Questions to consider from your country’s perspective:

  • What challenges do States face regarding the conflict between international law and sovereignty? 
  • How can the United Nations work with States and regional bodies in providing protection, assistance and durable solutions to internal displacement?
  • How can the United Nations and Member States respond to the challenges of climate change and disaster-related internal displacement?

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The Right to Food The Right to Food

The right to food is generally considered to be the right to obtain food for oneself in a manner that maintains personal dignity and in ways that are accessible, available, culturally appropriate, sustainable and safe. This is essential to basic survival, the maintenance of an adequate standard of living and other fundamental human rights. The right to food encompasses the distinct concepts of food security, which entails reliable access to food; and hunger, which is severe food insecurity leading to undernourishment. The United Nations set a goal of ending hunger and achieving food security for all people as part of the 2015 Sustainable Development Goals (SDGs). Despite this, the number of people experiencing food insecurity has risen 500 percent since 2016. As of July 2022, 345 million people are currently facing hunger and 924 million are facing food insecurity. Overlapping challenges, including the COVID-19 pandemic and its resulting supply chain effects, ongoing armed conflict and climate change have all made it more difficult to ensure that people are able to achieve their fundamental right to food.

One of the first major international discussions on the right to food was at the United Nations Conference on Food and Agriculture convened by U.S. President Franklin Roosevelt in 1943 (the term “united nations” refers to the 44 States represented at the meeting). The work done at this meeting led to the creation of the Food and Agriculture Organization (FAO) in 1945. Article 25 of the 1948 Universal Declaration of Human Rights considered food alongside housing, healthcare and other social goods necessary to maintain an adequate standard of living. Article 11 of the 1966 International Covenant on Economic, Social and Cultural Rights (ICESCR) echoed this framework, noting access to food as both part of an adequate standard of living and necessary to achieving a fundamental right to be free from hunger. The 1974 World Food Conference took further action on hunger; the resulting Universal Declaration on the Eradication of Hunger and Malnutrition proclaimed that all people had the inalienable right to freedom from hunger and malnutrition while calling for increases in food production to allow States to meet their needs. Later human rights instruments, such as the 1979 Convention on the Elimination of Discrimination Against Women and the 1989 Convention on the Rights of the Child, also incorporated language regarding freedom from hunger and an adequate standard of living.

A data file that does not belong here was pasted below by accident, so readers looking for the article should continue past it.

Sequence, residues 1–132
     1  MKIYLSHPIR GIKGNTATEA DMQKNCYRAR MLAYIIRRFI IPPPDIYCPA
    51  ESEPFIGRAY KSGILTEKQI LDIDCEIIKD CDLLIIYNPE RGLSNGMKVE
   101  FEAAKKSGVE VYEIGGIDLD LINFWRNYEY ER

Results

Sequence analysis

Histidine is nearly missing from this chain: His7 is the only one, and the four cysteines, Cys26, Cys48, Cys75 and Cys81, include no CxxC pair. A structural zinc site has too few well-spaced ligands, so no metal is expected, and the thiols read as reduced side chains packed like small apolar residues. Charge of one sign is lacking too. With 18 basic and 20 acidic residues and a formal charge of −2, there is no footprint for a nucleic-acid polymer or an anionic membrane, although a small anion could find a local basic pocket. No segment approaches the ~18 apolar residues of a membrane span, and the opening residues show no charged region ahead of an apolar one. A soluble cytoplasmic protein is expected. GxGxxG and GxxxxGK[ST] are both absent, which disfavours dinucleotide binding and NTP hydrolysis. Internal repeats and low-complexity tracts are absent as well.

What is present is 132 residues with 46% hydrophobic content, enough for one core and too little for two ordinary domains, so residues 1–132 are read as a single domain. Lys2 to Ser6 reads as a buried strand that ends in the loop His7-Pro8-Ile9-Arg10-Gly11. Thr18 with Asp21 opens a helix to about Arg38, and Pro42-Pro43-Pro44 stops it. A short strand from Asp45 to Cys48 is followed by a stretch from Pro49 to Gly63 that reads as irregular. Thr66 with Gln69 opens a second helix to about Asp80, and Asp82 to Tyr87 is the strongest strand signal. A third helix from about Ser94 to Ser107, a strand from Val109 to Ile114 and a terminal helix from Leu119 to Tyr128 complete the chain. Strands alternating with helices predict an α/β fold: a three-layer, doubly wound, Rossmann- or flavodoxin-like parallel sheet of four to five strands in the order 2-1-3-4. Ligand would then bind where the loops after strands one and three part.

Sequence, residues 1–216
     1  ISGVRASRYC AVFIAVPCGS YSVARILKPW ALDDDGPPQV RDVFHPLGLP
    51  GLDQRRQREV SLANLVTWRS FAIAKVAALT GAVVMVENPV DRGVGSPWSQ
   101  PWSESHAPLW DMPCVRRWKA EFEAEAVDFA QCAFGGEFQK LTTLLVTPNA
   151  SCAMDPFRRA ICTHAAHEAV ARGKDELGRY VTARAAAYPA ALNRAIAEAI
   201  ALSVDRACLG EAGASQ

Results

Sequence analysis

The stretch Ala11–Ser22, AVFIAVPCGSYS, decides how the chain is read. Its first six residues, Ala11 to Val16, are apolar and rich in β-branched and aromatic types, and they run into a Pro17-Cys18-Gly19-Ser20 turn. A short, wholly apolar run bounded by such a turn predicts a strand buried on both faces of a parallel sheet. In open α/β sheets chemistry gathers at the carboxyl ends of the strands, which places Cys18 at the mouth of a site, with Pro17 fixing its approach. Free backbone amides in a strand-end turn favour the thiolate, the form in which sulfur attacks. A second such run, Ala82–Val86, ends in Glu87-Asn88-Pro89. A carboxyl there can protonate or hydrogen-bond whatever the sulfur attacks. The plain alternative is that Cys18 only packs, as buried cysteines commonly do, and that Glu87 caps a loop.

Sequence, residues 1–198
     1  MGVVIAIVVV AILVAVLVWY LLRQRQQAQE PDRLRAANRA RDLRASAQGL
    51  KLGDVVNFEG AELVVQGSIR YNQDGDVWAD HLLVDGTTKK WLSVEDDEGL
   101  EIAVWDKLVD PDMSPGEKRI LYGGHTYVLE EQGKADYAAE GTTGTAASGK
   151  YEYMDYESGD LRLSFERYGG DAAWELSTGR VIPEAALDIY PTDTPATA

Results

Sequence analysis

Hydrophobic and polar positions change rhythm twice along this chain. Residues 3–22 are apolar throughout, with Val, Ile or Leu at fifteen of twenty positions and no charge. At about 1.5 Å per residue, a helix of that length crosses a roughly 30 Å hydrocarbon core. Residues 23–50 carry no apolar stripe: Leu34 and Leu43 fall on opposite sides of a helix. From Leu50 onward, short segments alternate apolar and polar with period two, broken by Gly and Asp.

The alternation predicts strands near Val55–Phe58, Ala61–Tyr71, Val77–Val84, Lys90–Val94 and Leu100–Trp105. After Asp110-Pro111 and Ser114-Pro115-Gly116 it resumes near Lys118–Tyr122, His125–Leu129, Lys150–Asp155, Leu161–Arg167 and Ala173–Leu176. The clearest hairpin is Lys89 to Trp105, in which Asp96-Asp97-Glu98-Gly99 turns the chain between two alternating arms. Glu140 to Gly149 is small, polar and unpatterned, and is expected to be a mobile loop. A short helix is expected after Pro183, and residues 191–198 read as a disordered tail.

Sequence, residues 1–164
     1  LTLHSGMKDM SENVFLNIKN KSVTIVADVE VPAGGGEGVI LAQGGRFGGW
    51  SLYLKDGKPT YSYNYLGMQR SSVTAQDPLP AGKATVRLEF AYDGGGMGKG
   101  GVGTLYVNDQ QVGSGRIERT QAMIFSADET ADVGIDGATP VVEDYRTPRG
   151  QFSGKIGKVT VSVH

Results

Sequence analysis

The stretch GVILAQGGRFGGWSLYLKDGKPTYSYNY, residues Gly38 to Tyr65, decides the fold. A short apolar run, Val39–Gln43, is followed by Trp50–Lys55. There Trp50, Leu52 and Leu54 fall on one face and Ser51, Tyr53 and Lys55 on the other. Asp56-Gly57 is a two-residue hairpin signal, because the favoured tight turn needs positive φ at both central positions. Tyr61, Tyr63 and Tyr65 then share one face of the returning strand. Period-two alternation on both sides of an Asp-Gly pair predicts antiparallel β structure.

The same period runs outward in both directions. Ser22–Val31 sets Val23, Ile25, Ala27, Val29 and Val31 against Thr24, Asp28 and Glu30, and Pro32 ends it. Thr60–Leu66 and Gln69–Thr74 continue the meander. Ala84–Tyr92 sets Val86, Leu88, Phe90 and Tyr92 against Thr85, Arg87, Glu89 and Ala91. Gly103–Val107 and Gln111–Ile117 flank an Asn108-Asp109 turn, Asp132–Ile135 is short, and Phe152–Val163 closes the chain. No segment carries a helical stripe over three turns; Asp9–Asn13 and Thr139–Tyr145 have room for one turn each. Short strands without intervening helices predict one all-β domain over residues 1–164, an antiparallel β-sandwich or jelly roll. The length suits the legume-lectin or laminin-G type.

In 1996, FAO convened a World Food Summit to address concerns over rising hunger and malnutrition. The outcome documents of the summit, the Rome Declaration on World Food Security and the World Food Summit Plan of Action, created seven distinct commitments towards the goals of eradicating hunger and food insecurity, ranging from increasing participation in sustainable agriculture practices and access to global trade to protecting the environment and ensuring access to food in the face of natural disasters. In 1999, the Committee on Economic, Social and Cultural Rights, the body responsible for monitoring compliance with the ICESCR, affirmed that Article 11 explicitly protects the right to food while also laying out a framework for evaluating what such a right entails. At the same time, the General Assembly adopted the Millenium Development Goals, a set of eight human rights goals to be achieved by 2015. Among those goals was Target 1.C, which aimed to halve the number of people who suffered extreme hunger. According to the 2015 MDG Report, this effort was nearly successful, with the overall percentage of persons suffering from hunger falling from 23.3 percent in 1990 to 12.9 percent in 2015. In 2004, the Food and Agriculture Organization (FAO) also adopted the Voluntary Guidelines to Support the Progressive Realization of the Right to Adequate Food in the Context of National Food Security. The Voluntary Guidelines provide a framework for States, with issues ranging from good governance, management of market systems for food access and sustainable growth in agricultural production.